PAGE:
Even in 1989 when Sauvage's film on Chambon – "Weapons of the Spirit" – was released, French reaction was mute, as it was when the town entered Yad Vashem: "An entire town is given the rare status of rescuers, a collective honor, virtually unique – but it hardly registers in France," he notes. In 2004 President Chirac visited Chambon and gave a stirring speech. "We are seeing a sea change on the Shoah in France today," he says.
"Maybe more even than the Germans today, we French are still dealing with this," says a high school teacher in Paris. "We still have a wound where our heart is. We all ask the question 'what would I have done? But it isn't fair to compare all France with the way a rural village treated Jews."
More than 'celebrating diversity'
To be sure, Chambon had natural advantages not found in cities. The area is hilly, rough, spread out. Jews hid in barns and fields, and saw the approach of danger. Some Huguenot hiding places were hundreds of years old. Aubin points out the crucial role dogs played – barking at strangers and allowing escape.
Huguenot locals created a spirit that allowed Catholics, Quakers, Darbyites, and the Red Cross, to join the "conspiracy."
Sauvage hypothesizes that some Germans officials posted there may have been "caught up" in that spirit. Trocme and Theis were arrested at one point, but quickly released; Nazis mostly left the town alone, though records later show they knew it was a center for the false papers Jews needed to move anywhere.
The Chambon example represents both a transcendence and a concreteness that Henry and others say is often lost in many current ideas of good. The rescuers stated plainly, in interviews before they died, that the Biblical injunction to love one another implies that something is owed to one's fellow man, regardless of race or creed.
"The Huguenots were not risking their lives to hide Jews in their barns in order to celebrate diversity," says Henry. "They felt deeply the humanity of the other."
Refugee returns as filmmaker
For Sauvage, making the film about Chambon was a transformative experience. After the war, he moved to Paris with his family, then New York. He wasn't told he was Jewish until age 17. He returned to do a documentary in the 1980s, thinking he would shoot for a few weeks, and quickly put the film out.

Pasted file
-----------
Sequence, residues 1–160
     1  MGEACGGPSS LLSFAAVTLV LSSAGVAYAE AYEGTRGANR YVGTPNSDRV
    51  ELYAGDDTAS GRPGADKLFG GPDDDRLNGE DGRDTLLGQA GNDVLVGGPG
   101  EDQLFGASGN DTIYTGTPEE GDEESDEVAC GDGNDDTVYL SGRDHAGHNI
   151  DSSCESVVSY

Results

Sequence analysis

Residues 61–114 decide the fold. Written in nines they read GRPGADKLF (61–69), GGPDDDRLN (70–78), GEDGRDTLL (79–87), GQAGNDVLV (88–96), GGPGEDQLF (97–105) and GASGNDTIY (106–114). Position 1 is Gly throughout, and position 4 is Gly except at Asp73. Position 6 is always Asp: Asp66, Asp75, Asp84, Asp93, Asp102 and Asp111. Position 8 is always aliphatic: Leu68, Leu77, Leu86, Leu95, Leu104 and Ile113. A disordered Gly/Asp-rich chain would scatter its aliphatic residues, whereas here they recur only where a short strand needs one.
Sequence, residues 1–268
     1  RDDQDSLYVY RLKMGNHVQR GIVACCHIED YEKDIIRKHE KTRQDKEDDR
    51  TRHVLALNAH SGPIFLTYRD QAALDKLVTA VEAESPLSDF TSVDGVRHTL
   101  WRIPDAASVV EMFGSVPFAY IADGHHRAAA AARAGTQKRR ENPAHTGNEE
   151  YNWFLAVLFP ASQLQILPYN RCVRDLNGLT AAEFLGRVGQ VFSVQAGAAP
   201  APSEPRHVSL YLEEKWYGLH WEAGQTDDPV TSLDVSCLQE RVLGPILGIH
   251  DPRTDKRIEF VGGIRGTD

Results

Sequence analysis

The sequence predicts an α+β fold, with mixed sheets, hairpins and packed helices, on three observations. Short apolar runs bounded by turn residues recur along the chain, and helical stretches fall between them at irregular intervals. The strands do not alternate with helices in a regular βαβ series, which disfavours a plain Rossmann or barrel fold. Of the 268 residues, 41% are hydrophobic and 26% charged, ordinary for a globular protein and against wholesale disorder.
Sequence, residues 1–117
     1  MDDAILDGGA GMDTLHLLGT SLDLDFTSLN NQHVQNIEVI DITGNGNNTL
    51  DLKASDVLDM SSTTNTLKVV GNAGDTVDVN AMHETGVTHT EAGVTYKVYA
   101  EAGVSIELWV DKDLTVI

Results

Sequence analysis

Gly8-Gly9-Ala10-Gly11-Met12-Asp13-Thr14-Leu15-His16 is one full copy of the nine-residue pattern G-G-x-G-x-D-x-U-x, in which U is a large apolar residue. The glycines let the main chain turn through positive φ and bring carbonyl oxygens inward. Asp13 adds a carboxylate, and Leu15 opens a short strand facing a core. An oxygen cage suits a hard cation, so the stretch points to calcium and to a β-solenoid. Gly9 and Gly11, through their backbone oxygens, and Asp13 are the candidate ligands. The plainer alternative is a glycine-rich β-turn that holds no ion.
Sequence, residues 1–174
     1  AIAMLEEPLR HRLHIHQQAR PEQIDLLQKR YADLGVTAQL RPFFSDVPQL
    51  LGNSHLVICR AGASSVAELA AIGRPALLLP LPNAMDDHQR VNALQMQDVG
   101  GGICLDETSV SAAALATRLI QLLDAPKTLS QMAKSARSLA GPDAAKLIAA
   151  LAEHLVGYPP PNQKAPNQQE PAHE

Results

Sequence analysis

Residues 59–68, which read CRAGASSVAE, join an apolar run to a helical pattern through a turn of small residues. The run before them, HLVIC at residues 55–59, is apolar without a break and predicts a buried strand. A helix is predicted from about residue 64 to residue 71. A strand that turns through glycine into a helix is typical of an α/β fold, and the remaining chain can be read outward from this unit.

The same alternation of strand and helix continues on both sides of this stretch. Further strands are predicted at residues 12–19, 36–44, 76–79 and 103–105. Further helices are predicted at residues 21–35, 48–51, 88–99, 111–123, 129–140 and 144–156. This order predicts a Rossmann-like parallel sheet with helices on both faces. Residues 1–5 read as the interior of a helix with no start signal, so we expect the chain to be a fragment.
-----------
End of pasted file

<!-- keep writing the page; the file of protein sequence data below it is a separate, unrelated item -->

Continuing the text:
Instead, it took five years and much soul searching to complete. Sauvage was simply not prepared, he says, for the character of the Chambon people. It changed his life.
"Every cliché I had imagined about [the people of Chambon] was wrong," Sauvage says. "They were incredibly smart. There was no escaping the fact they were heavily Protestant. They made me ask questions about myself and my own faith, or lack of it. At some point I realized that their selflessness was not depleting but was what gave them strength. This was something new for me.
"They had such a bedrock sense of values that it shook me to the core. I had to ask who I was. My film clearly had to be a Jewish testimony … and I finally realized I had to become Jewish in order to make a film to praise Christians."
Today Chambon is a town of cafes, pizza parlors, stone houses. Tourists come for dappled hills and distant vistas. The air is fresh – a reason Albert Camus came here from Algeria during the war. He wrote "The Plague" in Chambon in 1942 while recuperating from illness.
Even now, Pascal Blanc, a real estate agent here says few locals think their acts heroic.
"It was normal for us to help. We have helped all the time in our past," he says. "This is who we are. We don't think of those we helped raise in the war as outsiders; they are part of our families. Many still visit.
As for the Jewish community in France, leading figures advocate the inclusion of the story of the "righteous" in education curriculum.
"Putting forward these 'pages of light' written by individuals who risked their lives to save the lives of Jewish children is, from our standpoint, very educational," writes Anne-Marie Recolevschi, director general of the Paris-based Foundation for the Memory of the Shoah, in a statement to the Monitor. "The actions of the Righteous constitute a source of hope and enable the transmission of a spirit of responsibility and respect of one another. [Editor's note: The original translation of the quote included a grammatical error.]